Raises of $10,000 as means to an end | Nov. 5, Perspective

Building a better society

Barry Silberís column on $10,000 raises was like a ray of sunshine penetrating the dark notion of starving government to death by cutting taxes. It reminds me of a story about the farmer who cut feed costs for his mule by mixing in sawdust. He bragged he had reached 100 percent sawdust, but a week later the ungrateful mule up and died.

Sure, taxes can always be cut, but at what cost? How will less money affect our environment, our health, our security, and yes, our schools? At what point will the system "die" or become ineffective from of lack of funds?

Silber lays out a reasonable, sane method of raising the money necessary to fund his proposals with minimum impact on our everyday lives. Currently our governor operates a tax giveaway game to lure businesses to Florida, most of which are giant losers in terms of job creators and taxes. What better way to attract businesses than to have healthy, safe, clean communities with top-notch schools and law enforcement?

The city of Largo just increased property taxes. Good for them. It shows a leadership that knows we need to properly fund the things necessary to maintain a vibrant, upscale community. You canít get from here to there without spending money. And that brings up the subject of a badly needed mass transportation system.

Alan Raun, Largo

Comments

Mondayís letters: Doctors should speak up on harassment

Sexual harassmentDoctors need to speak upThe recent widespread recognition, followed by disapproval, of sexual harassment across many workplaces signals a paradigm shift in social attitudes toward abuse of power that is long overdue.The male-dominate...
Published: 11/17/17

Saturdayís letters: Reservoir project off to a good start

Lake OkeechobeeReservoir project off to good startThis year, more than 70,000 Floridians contacted their legislators to support expediting a reservoir project south of Lake Okeechobee. Another 150 business people, anglers, health care professionals a...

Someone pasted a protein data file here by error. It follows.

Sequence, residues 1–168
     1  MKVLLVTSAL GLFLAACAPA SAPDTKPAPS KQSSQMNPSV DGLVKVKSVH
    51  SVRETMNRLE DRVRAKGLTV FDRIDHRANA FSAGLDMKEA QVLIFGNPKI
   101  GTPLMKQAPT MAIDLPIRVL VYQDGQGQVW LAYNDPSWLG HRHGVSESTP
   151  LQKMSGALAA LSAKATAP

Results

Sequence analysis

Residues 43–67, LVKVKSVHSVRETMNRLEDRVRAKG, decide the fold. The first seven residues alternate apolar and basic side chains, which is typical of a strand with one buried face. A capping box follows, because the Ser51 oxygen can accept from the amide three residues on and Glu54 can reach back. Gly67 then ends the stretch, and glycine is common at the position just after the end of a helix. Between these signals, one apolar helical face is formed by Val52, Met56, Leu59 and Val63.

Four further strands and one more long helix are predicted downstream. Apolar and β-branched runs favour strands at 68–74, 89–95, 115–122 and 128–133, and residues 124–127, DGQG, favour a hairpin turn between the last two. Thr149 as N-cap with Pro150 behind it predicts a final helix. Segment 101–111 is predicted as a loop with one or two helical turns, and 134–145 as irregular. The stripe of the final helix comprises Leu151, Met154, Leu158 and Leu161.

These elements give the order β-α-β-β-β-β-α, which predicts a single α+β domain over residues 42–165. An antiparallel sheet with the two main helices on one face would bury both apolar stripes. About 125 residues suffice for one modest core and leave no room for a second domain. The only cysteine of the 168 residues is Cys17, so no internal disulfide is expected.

Published: 11/15/17
Updated: 11/17/17

Sundayís letters: Roundabout way to help the rich

Senate GOPís tax plan to kill ACA mandate | Nov. 15Devious way to hurt middle classSo, letís see if we have this straight. The proposed amendment to the Senate tax plan, to kill the individual mandate, will cause young people to not buy health in...
Published: 11/15/17
Updated: 11/17/17

Fridayís letters: Stop laying blame on teachers

Hillsborough teachers are set to protest | Nov. 14Stop laying blame on teachersI am a veteran teacher, coming up on 30 years of service to public education. My mother was also an educator, clocking over 40 years of service in public education. Sh...
Published: 11/15/17
Updated: 11/16/17

Pasco Letters to the Editor for Nov. 17

Questioning fees draws snarky responseYou are probably aware of the new Pasco utility fees that became effective last month.Under the dubious title of "convenience fee" for making utility payments by credit card or e-check, Pasco Utilities adds $2.75...
Published: 11/15/17

Wednesdayís letters: Generosity makes all the difference

National Adoption MonthThe difference generosity makesAs a football coach, I always had to be ready to overcome unexpected challenges. With injuries, crowd noise and especially weather, the game plan is always adjusting to overcome adversity.Our stat...
Published: 11/13/17
Updated: 11/14/17

Mondayís letters: Moore is not fit for public office

Woman: Candidate pursued her as a teen | Nov. 10Moore is not fit for public officeIt is sad that Roy Moore, a self-professed religious man, is running for a Senate seat when he is clearly unfit for any job involving the public for so many reasons...
Published: 11/10/17
Updated: 11/13/17

Mondayís letters: Donít fall for the tax cut ruse

Tax billDonít take your eye off the ballThe rush is on. The Republican Congress is rushing to pass a modest tax cut for the middle class while giving corporations a massive tax cut. While taking away some of the tax deductions from ordinary taxpayers...
Published: 11/10/17

Sundayís letters: End greyhound racing in Florida

Tom Lee wants to phase out greyhound racing | Nov. 8Put a stop to this cruel industryKudos to Sen. Tom Lee for shepherding a constitutional amendment to end greyhound racing in Florida. Greyhounds forced to race live in misery and frequently die ...
Published: 11/09/17
Updated: 11/10/17

Fridayís letters: Hillsborough school making strong progress

Hillsborough school district in financial, leadership crisis | Nov. 5, editorialSchool districtís achievementsWhile I respect the Timesí editors and acknowledge our district is facing financial challenges (facing them head-on, in fact), I feel it...
Published: 11/08/17
Updated: 11/09/17